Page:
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Symposia: Call for Abstracts

We plan to host several special symposia. They will be listed below successively.

Symposium on Military Values and Trust in Military Organizations

Organized by the research group on military values, affiliated at Military Academy ETH Zurich

We invite abstracts on the topic of trust and values in military organizations and military leaders for the panel on trust and military values. Admissible abstracts (of 150-300 words) present research on how trust can be approached through and how it is related to values and culture in different armed forces. The focus will be on original empirical research. Conceptual pieces and meta-studies are also welcome.
If you are interested in contributing a proposal in this symposium please submit your abstract via the regular conference proposal form and abstract upload page. If you have any content-related questions with regards to this Symposium please contact us and we will answer as soon as possible.


The Effects of Technology on Leadership Development and Effectiveness

Chaired by
Lt Col Daniel Watola from the United States Air Force Academy
Dr. Allister MacIntyre from the Royal Military College of Canada

This symposium is already complete, no more abstracts accepted

The military operates in volatile, uncertain, complex, and ambiguous environments. While technology is often framed as a solution to a problem faced by militaries, it can also cause its own problem in need of a solution. Technology is not only changing who, what, where, when, and how we fight, but the rapid rate of technological change makes it difficult to determine if it a bane, boon, or both. Scientists and practitioners in the business of leadership education, training, and development are on the front lines of the battle to leverage technology to create an effective fighting force, while simultaneously protecting the force from the negative effects of the same technologies. This symposium presents six chapters from Technology and Leadership, the twelfth volume of the International Military Leadership Association Working Group (IMLAW) series. In this volume, 33 authors from 8 countries offer their perspectives on the relationship between technology and leadership.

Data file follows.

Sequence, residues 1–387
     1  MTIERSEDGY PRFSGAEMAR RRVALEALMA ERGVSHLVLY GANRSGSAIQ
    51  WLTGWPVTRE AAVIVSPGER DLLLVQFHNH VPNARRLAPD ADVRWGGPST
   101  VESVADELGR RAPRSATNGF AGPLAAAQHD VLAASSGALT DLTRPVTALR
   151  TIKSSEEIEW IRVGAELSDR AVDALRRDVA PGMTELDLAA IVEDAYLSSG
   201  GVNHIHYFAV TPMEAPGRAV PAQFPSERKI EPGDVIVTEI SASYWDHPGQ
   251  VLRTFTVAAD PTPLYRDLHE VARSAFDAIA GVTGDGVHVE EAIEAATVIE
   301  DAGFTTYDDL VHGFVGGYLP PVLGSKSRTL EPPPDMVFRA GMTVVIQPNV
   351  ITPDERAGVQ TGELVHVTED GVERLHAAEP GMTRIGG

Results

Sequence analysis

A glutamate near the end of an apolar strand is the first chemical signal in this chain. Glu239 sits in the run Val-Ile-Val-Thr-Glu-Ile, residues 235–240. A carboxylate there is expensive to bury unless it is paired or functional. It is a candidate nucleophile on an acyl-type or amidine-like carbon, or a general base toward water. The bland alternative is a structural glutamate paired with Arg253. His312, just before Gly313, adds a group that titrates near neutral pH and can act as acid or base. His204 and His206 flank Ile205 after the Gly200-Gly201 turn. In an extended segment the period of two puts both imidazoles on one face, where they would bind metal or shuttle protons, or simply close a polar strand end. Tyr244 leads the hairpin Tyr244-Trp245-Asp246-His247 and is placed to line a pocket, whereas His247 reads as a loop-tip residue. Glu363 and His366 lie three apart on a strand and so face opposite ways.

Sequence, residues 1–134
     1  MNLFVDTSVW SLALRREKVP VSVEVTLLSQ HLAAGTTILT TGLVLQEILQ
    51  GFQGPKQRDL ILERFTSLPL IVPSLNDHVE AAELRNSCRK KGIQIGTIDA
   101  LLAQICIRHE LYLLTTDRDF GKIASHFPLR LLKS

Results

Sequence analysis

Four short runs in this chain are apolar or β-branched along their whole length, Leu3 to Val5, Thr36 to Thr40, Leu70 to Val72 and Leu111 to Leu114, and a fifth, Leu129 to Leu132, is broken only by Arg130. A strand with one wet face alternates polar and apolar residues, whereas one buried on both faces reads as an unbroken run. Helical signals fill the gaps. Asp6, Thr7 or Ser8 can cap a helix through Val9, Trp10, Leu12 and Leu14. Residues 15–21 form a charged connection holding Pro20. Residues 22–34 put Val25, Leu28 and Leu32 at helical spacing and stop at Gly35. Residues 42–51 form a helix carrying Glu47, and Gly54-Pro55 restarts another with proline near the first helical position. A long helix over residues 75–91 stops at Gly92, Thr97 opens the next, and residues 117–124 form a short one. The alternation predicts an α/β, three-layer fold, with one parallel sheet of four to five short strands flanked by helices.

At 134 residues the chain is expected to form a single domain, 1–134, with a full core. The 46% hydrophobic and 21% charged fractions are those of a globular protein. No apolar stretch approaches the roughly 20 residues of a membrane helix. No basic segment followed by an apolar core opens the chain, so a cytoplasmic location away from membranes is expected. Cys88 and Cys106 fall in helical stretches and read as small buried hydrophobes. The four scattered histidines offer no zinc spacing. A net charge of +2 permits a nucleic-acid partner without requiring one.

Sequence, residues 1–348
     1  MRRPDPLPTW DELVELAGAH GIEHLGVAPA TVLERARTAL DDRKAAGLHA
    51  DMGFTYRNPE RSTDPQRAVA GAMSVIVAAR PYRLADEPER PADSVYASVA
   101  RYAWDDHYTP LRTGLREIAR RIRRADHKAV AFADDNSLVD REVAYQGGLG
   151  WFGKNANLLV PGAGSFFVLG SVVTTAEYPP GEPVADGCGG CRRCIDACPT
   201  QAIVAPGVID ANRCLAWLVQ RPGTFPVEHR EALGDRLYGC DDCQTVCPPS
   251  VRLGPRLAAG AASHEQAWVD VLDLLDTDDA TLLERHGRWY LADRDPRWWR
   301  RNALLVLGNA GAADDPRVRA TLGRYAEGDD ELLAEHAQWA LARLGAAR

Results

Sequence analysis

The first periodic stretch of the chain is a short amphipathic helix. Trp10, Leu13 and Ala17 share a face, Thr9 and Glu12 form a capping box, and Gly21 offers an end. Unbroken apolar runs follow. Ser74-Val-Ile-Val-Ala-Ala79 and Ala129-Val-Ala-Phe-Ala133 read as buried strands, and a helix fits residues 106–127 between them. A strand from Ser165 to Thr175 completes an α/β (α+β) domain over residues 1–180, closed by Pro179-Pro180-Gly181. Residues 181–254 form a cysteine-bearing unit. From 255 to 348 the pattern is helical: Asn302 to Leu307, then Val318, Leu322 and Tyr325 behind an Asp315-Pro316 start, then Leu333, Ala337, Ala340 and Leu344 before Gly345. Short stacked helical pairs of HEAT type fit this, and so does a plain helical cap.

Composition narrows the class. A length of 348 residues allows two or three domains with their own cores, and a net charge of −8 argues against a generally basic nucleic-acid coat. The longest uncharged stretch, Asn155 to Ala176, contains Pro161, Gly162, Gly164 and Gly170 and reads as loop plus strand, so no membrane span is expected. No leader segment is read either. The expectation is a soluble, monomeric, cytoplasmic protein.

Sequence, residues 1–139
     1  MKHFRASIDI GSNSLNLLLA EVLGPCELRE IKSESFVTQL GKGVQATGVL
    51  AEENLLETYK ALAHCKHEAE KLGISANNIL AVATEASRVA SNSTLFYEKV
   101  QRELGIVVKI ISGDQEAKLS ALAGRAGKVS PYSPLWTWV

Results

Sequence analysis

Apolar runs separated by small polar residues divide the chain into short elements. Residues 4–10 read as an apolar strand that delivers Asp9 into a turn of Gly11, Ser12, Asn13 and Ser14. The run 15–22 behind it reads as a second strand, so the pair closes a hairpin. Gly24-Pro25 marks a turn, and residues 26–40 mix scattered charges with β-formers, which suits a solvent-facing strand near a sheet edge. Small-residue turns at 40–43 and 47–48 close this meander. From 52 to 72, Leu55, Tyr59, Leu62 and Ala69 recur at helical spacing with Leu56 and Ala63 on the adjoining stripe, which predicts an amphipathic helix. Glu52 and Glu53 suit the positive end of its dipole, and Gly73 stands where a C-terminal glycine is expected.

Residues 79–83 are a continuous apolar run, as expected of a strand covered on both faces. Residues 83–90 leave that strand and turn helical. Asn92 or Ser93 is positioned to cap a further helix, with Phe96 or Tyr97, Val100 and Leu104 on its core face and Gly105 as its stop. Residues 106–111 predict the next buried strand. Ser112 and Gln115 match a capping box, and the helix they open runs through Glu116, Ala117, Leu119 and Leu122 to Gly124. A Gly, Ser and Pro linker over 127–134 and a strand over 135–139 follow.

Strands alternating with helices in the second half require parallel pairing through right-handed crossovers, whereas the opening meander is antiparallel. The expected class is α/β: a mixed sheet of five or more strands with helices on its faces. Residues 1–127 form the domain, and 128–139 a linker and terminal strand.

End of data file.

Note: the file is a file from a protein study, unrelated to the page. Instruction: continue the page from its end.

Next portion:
These presentations collectively discuss how technology affects leadership and team development, and leader and organizational effectiveness in militaries around the world. Specifically, authors from the United States describe how technologies such as collaborative tools and learning analytics can make leader development processes more efficient and effective. Contributors from New Zealand and the United States discuss how technology is being used to develop more effective teams through pre-deployment training programs, and human-machine teaming and social simulations, respectively. From Singapore, authors describe how team effectiveness can be created at the operational-strategic level. Finally, Swiss and Canadian contributions explain how information and communication technologies and socio-cultural analyses, respectively, can help leaders make better decisions.


Global Views on Military Stress and Resilience

Chaired by
Dr. Allister MacIntyre from the Royal Military College of Canada
Douglas Lindsay, PhD; Pennsylvania State University

This symposium is already complete, no more abstracts accepted

Militaries throughout the world are dealing with unprecedented levels of PTSD and other occupational stress injuries. Given the stress levels for military members, resilience is a critical aspect with respect to how those in the military deal with stress. This symposium presents eight chapters from Global Views on Military Stress and Resilience, the inaugural volume of the IMTA series. These presentations explore military stress and discuss how resilience can help ease strain. Specifically, Dr. Lindsay, from the US, will discuss how changing demands can often create misalignments between the organization and those who serve and explore how a systematic approach to building alignment can ease the consequences of these demands. From India, Dr. Rawat offers insights on how religiosity can be a resilience increasing stress buffer and Dr. Kaur discusses his innovative work with his colleagues on the impact of leadership stress during imperceptible and psychological warfare. Dr. Kamphuis, from the Netherlands, provides an integrative approach to understanding resilience by examining both internal and external resources and ways to support these resources, especially from a homefront perspective. Canadian contributors include Dr Pickering’s examination of the challenges military members encounter while trying to balance work and family-related commitments, and Dr Charbonneau explores how mindfulness and acceptance are related to stress and resilience. Finally, Dr Gouws will present his two chapters: How “Making the Invisible Visible” might serve as an antidote to the consequences of deployment and combat stress; and factors that affect resilience in military personnel during post deployment psychological assessment.